Our classics include the models that have grown to become the image of durability and confident style. They and their discreet yet inimitable nature represent the A. Lange & Söhne brand.One of the biggest before-and-after moments in contemporary horology was the introduction of the A. Lange & Söhne Datograph, which launched in 1999, during a time when there were very few developments taking place in the evolution of chronograph movements. The Datograph instantly raised the bar for in-house, high-end chronograph movements, and while, since then, in-house haute horlogerie chronographs have increased in number, the Datograph is still considered a standard against which other chronographs can be judged.When A. Lange & Söhne was re-launched in Glashütte in 1994, it immediately earned a stellar reputation. The debut of the Datograph, five years later, created enough buzz that it brought many new collectors into the world of Lange – everyone from watchmaking legend Philippe Dufour to basketball icon Michael Jordan.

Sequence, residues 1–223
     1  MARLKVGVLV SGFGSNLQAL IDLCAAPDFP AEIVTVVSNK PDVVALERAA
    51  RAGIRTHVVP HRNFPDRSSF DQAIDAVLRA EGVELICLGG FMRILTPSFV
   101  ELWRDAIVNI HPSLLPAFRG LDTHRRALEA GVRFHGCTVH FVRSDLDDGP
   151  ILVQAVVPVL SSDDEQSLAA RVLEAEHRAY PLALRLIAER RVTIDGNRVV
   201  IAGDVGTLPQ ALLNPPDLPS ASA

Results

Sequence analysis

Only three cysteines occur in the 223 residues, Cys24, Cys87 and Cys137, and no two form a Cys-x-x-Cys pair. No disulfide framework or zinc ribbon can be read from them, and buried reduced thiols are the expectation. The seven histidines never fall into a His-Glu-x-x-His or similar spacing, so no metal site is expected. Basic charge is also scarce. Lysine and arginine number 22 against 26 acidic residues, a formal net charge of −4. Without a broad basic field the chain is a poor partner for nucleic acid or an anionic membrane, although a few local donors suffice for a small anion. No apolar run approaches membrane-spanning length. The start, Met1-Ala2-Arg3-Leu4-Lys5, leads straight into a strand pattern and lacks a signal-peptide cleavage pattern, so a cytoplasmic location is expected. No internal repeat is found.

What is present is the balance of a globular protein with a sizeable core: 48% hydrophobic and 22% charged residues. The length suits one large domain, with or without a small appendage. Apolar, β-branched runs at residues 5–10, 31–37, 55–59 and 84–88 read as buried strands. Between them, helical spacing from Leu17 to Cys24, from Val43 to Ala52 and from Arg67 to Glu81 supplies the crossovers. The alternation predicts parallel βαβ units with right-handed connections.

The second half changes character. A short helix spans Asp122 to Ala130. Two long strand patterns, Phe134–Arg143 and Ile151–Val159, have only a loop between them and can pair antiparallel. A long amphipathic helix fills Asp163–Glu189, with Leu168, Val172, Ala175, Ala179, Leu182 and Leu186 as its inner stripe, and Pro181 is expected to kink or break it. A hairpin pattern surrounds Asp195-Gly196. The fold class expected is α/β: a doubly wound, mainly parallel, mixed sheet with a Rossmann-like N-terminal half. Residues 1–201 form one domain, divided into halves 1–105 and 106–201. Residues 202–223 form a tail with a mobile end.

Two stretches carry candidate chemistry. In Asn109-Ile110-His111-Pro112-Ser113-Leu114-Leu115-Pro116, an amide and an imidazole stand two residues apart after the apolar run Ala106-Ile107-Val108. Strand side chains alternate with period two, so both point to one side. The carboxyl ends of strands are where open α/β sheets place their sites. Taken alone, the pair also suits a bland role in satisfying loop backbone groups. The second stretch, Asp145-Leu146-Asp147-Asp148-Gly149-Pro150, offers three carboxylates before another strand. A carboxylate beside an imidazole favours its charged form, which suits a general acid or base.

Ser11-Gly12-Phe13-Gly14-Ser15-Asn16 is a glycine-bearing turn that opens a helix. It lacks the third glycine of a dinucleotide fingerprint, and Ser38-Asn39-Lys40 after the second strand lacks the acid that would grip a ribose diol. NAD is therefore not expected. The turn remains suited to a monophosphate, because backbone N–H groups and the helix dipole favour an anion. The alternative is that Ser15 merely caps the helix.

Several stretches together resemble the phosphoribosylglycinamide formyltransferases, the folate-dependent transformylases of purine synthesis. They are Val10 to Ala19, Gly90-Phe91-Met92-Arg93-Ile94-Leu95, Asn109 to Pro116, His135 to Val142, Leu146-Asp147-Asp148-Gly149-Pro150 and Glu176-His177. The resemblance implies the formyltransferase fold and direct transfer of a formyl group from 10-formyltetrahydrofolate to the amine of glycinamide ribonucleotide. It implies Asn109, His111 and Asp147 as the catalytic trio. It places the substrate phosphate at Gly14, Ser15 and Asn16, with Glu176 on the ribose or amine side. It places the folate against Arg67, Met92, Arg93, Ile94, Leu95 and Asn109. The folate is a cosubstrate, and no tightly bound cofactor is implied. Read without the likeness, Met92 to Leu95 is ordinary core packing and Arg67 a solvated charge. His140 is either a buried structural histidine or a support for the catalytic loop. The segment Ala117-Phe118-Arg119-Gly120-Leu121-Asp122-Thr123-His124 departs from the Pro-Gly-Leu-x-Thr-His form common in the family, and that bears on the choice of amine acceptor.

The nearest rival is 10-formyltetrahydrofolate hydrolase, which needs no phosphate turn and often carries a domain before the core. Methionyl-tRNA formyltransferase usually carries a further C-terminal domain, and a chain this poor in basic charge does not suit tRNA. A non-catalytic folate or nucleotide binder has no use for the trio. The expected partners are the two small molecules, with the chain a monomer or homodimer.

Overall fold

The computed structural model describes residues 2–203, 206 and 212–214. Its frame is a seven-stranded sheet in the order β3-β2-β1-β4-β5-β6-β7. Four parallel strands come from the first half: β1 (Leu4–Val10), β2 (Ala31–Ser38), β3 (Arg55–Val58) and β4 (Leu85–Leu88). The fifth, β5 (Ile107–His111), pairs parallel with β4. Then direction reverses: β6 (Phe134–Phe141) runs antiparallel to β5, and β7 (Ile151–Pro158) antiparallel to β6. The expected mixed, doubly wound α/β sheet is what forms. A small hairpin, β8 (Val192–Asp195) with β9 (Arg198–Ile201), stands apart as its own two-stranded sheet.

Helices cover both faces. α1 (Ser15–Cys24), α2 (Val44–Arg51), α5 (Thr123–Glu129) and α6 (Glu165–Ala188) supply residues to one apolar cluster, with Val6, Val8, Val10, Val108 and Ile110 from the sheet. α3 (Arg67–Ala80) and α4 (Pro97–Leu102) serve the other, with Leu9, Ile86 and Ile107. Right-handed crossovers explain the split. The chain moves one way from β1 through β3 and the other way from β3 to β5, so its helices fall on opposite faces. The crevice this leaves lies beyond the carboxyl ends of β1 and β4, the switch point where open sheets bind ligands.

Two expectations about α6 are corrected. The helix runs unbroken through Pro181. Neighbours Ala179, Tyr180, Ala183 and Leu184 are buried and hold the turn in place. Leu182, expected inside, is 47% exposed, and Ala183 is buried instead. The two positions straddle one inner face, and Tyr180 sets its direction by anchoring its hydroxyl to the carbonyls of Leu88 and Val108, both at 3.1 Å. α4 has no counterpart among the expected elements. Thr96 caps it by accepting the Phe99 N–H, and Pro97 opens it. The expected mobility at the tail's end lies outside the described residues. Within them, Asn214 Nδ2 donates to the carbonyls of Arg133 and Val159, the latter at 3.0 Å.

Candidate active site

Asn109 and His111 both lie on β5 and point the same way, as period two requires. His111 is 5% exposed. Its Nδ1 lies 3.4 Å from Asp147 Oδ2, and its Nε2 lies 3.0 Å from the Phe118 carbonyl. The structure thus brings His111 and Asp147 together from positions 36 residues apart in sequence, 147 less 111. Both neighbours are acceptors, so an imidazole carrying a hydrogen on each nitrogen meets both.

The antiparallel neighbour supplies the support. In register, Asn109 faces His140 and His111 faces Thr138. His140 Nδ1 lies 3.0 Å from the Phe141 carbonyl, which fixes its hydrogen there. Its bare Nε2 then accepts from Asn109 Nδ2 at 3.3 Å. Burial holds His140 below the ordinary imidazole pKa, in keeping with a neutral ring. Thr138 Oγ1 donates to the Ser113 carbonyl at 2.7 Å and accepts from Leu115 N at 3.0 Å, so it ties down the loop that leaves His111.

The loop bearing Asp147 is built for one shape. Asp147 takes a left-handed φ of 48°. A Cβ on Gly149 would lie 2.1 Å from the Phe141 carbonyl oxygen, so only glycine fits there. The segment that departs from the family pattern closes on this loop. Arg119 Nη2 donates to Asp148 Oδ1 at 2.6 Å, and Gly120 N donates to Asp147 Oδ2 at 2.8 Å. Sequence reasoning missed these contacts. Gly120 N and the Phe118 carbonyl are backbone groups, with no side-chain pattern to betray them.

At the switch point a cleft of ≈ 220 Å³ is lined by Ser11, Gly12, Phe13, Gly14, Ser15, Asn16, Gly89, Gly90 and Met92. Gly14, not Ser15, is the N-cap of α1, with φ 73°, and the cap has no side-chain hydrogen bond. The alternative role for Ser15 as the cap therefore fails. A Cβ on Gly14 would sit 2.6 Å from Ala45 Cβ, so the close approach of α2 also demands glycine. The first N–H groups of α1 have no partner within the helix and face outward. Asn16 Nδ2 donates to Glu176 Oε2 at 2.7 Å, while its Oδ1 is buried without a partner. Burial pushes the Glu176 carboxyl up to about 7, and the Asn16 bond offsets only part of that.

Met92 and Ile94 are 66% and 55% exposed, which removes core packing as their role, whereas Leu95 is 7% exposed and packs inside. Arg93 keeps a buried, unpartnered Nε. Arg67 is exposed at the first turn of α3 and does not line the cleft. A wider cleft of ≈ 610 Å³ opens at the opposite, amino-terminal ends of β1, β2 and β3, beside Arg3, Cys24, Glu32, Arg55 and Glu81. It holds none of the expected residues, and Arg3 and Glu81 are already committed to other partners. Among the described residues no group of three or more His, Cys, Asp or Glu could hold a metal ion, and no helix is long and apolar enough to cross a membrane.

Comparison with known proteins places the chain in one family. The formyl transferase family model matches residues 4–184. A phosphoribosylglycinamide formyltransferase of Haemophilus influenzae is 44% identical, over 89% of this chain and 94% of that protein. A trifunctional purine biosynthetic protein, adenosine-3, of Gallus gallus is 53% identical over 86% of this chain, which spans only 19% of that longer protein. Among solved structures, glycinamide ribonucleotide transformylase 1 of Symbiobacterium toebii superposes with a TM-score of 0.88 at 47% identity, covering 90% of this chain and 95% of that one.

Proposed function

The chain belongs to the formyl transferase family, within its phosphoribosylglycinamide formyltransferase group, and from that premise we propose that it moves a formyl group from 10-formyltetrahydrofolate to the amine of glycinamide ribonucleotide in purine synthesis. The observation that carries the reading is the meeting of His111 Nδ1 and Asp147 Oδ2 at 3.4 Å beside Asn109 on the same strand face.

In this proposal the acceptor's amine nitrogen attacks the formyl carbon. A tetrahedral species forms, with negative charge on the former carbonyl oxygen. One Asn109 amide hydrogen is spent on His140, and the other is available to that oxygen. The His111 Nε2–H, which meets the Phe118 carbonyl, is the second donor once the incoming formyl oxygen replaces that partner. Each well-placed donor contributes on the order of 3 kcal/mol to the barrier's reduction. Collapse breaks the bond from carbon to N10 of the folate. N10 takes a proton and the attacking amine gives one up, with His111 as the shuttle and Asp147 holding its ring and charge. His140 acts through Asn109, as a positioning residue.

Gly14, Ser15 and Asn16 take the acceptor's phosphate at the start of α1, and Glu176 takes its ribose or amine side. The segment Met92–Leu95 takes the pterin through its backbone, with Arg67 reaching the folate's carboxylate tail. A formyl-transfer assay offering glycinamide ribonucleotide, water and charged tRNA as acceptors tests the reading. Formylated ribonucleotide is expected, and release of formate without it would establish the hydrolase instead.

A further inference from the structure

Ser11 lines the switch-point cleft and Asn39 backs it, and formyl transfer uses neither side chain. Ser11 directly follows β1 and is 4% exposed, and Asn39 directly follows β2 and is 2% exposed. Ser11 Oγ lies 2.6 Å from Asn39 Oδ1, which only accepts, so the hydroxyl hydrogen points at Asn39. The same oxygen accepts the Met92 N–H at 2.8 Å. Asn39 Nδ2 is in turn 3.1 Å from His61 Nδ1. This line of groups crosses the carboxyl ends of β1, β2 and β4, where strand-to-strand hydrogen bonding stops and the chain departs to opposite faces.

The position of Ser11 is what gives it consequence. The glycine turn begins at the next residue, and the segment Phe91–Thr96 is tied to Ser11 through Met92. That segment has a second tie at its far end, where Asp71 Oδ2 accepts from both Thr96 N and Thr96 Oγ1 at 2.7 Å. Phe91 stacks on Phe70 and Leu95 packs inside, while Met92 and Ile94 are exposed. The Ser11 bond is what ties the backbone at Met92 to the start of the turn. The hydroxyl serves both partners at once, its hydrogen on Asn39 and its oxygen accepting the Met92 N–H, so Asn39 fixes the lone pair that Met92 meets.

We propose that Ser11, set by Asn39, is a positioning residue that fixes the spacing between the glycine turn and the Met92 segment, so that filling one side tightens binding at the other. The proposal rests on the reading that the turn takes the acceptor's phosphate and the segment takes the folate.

When you put on and operate a Datograph, the feeling sticks with you, and you’re instantly under its spell. The emotional impact of the Datograph and the excellence it embodies is the reason Philippe Dufour pulled a Datograph out of the safe when asked by HODINKEE’s Ben Clymer, during a visit to his workshop in 2013, what he thought was the best serially produced wristwatch in the world. Clymer wrote, “He paid for it himself, and he’s unabashed in his praise for it. He says what makes this watch so special is the amount of extra value you see in the movement architecture, the finishing, and the design. It says a lot that one of the Vallée de Joux’s greatest sons says the best chronograph in the world is German. It’s an endorsement Lange doesn’t take lightly, either. When I visited the Lange manufacture a few years back, one of their talking points was Dufour’s appreciation for their work.”And, of course, in 2002, Michael Jordan famously was seen wearing a first-generation platinum Datograph with a matching platinum bracelet.Since its introduction, the Datograph has expanded into a family of models including the Datograph Perpetual and the Datograph Perpetual Tourbillon, as well as the Datograph Lumen and related models like 2004’s 1815 chronograph on one end of the complexity scale, and models such as the Double Split (also from 2004) and the Triple Split on the other. Common to all is the placement of the chronograph sub-registers at 4:00 and 8:00, rather than 3:00 and 9:00 as is often the case in two-register chronographs. The reason for this goes back further than you might think. The Datograph is a flyback chronograph with a big date complication – the watch’s name is a portmanteau of “date” and “chronograph” after all. When Lange was reborn, the big date was its signature complication (it is far more complex than an ordinary calendar, with over 60 parts), with its inspiration coming from the 1800s. The Semper Opera House’s five-minute digital clock in Dresden is world-famous as the source of the idea for the big date in the Lange 1. But there is a more direct connection too: The clock, which was installed on April 13, 1841, was made in the workshop of Johann Christian Friedrich Gutkaes, whose apprentice at the time was none other than Ferdinand Adolph Lange, who would go on to found A. Lange & Söhne. F.A. Lange would go on to become Gutkaes’s son-in-law as well.The Datograph houses the Lange in-house flyback chronograph caliber L951.1 – a movement that was part of a changing landscape in terms of how enthusiasts, collectors, and the industry think about chronographs. Before its debut, little had occurred in the way of development of classic high-end chronograph movements for many years. We take it for granted that “high horology” is synonymous with “in-house,” but historically, it’s not true. Patek Philippe’s first in-house chronograph movement, for example, the CH R 27-525 PS, was only introduced in 2005. There were developments in more widely produced calibers like the Valjoux/ETA 7750, which came out in 1973, and there were, of course, the first automatic chronograph calibers of any kind, in 1969. We should also remember the F. Piguet ultra-thin chronograph calibers, 1180 and 1185, which came out in 1987. But mainly, high-end manufacturers relied on supplied calibers from chronograph specialists like Lemania. The Royal Oak Offshore is one example of this and illustrates the standard practice during the 1980s and 1990s, and even before. From launch, it used a movement based on the Jaeger-LeCoultre caliber 889 with a Dubois-Depraz chronograph module.This was very much standard practice for much of watchmaking history, but by the 1990s, an emerging preference for “in-house” movements made having one a mark of distinction. The first in-house high-end chronograph movement of the mechanical renaissance era did not come from Switzerland. Instead, it came from a sleepy German town in the state of Saxony.The first conceptualization meetings for the Datograph were between the legendary Günter Blümlein, who had re-established Lange in 1990 with Walter Lange, and then-director of product development Reinhard Meis. Lange’s CEO, Wilhelm Schmid, says, “Few people know that the conceptualization of the Datograph started with the dial. The idea to arrange the outsize date and the two sub-dials in a way that they form an equilateral triangle was born during a creative meeting headed by Günter Blümlein.” Whether this was his intention or not, Blümlein, in establishing this direction, safeguarded the design of the Datograph from being copied, as the shift of the sub-dials from the conventional positions at 3:00 and 9:00, meant rethinking the configuration of a traditional, lateral clutch column-wheel chronograph.The problem of engineering a movement to fit the design directive went to Lange engineer and movement designer Annegret Fleischer, who is not well known to many watch enthusiasts, but who is a household name among Lange collectors. Fleischer had begun her career at VEB Glashütter Uhrenbetriebe, but upon hearing that Lange was re-emerging after a long absence, she immediately applied for a position and was accepted. What would become the Datograph caliber L951.1 was one of her earliest projects, and it is still one of her most well-known contributions to horology; although, in her years at Lange, she’s worked on everything from the moon-phase complication used in the 1815 Moon Phase to the Double Split, and much more.The main problem in creating the L951.1, according to Lange, was that the sub-registers placement had been established in terms of design, which meant the movement had to be organized around their placement. Annegret Fleischer remarked, “It was one of the many challenges we were faced with. The difficulty was that the axes carrying the hands of the small seconds and the minute counter had to be arranged very close to the units disc of the outsize date, which left less room for the chronograph mechanism. The idea to arrange the outsize date and the two sub-dials in a way that they form an equilateral triangle was born during a creative meeting with Günter Blümlein and the former director of product development Reinhard Meis. It should be mentioned that the dial layout was developed first before I had to find the solution to fit in the mechanisms.”In a standard chronograph mechanism, the minutes counter will start to move just before a minute elapses, and when it does elapse, snap into place. In the L951.1, however, the chronograph minute hand doesn’t move until the exact instant a minute elapses. This is thanks to a snail cam attached to the chronograph minute hand that’s activated by a jewel-tipped lever which pushes the minute counter forward at the exact moment it passes zero. Of this mechanism, Fleischer says, “The principle was already known. It had been realized in a few pocket watches, but never before in the smaller dimensions of a wristwatch. At the time, there were only chronographs with slowly jumping minute counters, which can be made out by the star-wheel rocker. The precisely jumping minute counter is a unique feature that assures an unambiguous reading of the measured time and is therefore in line with Lange’s ambition to increase precision.”The final result was a movement comprised of 405 parts, with an overall diameter of 30.6mm. For all its technical interest, the movement is equally enjoyable from a visual perspective. Fleischer told HODINKEE that the chronograph movements of historic pocket watches served as an inspiration for the aesthetic of the movement, and of course, it has that signature Lange flair that comes from the use of German silver bridges and plates, in contrast to the highly polished steelwork, polished gold screwed-down chatons, and a touch of color from heat-blued screws and movement jewels. The movement has a remarkable three-dimensionality that leads some to describe it as a miniature metropolis, as observing it from above is akin to peering down into a minute city.The movement is a first-class technical achievement, but it is also widely praised as one of the most flat-out beautiful movements of all time. Lange CEO Wilhelm Schmid says, “It’s a watch people want to wear upside down, because the movement delivers what the dial promises, or maybe even surpasses expectations raised.”